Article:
Tag Archives: system

The Rules of Scrum: I know my product well and can quickly describe its high-level architecture

All Scrum Team Members, including the ScrumMaster and Product Owner, should understand the high-level technical aspects of the product that is being built.  As well, that understanding should be solid enough, that it can be communicated to other people.  This understanding helps the team members in many situations dealing with each other and with stakeholders.  Understanding the structure of the system is an aspect of Transparency.  This is essential for maintaining overall quality of the product. Development in one part of the product or system should never cause problems for any other part of the product or system.  If team members do not know their product in this way, it can cause significant problems in communication and in how Product Backlog Items are implemented.


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The Rules of Scrum: PBIs are “slices” through our system (features or functions)

All PBIs completed by the team should be “potentially shippable” increments of complete value.  In order to do this, they must touch all the layers and components of the product so that the functionality produced is truly complete, not just a prototype… a “slice” through the system.  In other words, all of the work that is required for shipping product needs to be completed on all individual PBIs.  Creating slices through our system allows the Scrum team to deliver value each and every Sprint and also allows for the Product Owner to change direction to a new feature if it is more valuable for a future Sprint.  What happens if we don’t create and complete PBIs that are slices through the system?  We risk falling into a pattern of not having a potentially shippable product each Sprint, and, even worse, we may regress into a waterfall type process that produces nothing of value to the customer until the end of the project.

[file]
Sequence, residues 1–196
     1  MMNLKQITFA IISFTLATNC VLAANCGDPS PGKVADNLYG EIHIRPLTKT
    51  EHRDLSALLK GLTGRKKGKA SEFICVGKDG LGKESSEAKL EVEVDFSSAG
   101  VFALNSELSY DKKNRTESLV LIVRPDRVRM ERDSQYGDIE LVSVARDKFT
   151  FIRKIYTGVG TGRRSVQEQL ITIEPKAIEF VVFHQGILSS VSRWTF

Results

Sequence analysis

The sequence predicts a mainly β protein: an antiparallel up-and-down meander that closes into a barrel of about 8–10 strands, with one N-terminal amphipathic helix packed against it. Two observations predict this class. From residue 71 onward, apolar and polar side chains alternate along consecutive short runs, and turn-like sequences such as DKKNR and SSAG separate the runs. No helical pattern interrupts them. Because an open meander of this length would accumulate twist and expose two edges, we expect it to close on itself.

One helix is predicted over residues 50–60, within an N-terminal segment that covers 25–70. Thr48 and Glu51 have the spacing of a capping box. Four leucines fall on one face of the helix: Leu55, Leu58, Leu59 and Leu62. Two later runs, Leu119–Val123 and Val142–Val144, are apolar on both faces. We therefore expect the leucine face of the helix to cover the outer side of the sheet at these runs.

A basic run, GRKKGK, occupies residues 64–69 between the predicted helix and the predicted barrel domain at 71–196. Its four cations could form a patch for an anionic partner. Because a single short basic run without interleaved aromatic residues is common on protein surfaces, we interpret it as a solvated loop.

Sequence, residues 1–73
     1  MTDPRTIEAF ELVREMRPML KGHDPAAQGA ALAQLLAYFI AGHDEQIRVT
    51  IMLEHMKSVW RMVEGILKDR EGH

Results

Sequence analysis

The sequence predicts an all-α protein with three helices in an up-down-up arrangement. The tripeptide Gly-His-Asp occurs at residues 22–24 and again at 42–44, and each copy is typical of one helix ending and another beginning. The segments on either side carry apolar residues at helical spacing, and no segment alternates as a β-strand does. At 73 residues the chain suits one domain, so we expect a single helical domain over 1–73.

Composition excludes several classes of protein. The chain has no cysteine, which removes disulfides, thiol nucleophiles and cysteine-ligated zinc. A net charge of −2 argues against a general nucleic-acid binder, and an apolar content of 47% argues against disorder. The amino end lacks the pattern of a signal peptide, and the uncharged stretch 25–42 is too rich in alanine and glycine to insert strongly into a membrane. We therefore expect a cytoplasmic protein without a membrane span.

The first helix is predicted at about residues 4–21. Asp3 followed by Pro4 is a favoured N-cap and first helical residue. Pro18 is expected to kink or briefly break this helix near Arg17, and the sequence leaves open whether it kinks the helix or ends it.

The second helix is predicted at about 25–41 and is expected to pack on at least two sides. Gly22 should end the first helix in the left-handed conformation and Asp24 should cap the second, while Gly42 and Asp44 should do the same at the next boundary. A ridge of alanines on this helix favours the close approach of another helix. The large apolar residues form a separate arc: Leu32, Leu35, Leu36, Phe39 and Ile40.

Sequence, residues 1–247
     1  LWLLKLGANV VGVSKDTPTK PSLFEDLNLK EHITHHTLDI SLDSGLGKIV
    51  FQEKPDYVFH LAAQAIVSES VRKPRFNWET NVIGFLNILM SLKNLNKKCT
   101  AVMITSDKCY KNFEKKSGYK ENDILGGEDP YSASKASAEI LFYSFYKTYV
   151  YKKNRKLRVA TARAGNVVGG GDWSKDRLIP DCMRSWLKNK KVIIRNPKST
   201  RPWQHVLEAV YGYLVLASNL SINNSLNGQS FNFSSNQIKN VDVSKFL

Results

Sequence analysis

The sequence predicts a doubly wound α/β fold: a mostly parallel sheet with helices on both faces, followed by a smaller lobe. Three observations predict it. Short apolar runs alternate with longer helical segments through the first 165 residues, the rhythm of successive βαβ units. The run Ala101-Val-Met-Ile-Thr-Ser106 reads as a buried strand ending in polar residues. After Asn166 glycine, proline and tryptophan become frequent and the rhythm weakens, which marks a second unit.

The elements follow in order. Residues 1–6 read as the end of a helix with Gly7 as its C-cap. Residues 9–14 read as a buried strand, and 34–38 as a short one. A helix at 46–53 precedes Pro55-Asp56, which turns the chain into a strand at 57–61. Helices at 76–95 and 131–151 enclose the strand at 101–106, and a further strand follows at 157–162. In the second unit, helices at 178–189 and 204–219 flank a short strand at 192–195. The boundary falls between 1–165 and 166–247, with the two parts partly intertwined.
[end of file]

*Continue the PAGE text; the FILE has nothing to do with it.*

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The Rules of Scrum: All PBIs are related to a single product (or system)

Scrum Teams work on one product at a time.  The Product Backlog represents all of the work that needs to be done on that single product.  The complete list of Product Backlog Items represents the goal of delivering all of the presently known features of a product.  Multiple teams working on a single product, therefore, work from a single, shared Product Backlog.  Working on Product Backlog Items from multiple Products causes the team to task switch into a different business domain and possibly into a different technical domain.  Task switching creates wasted mental effort and therefore causes a team to be less effective than they could otherwise be.  Having a single product to work on creates focus in both the business and technical domains.


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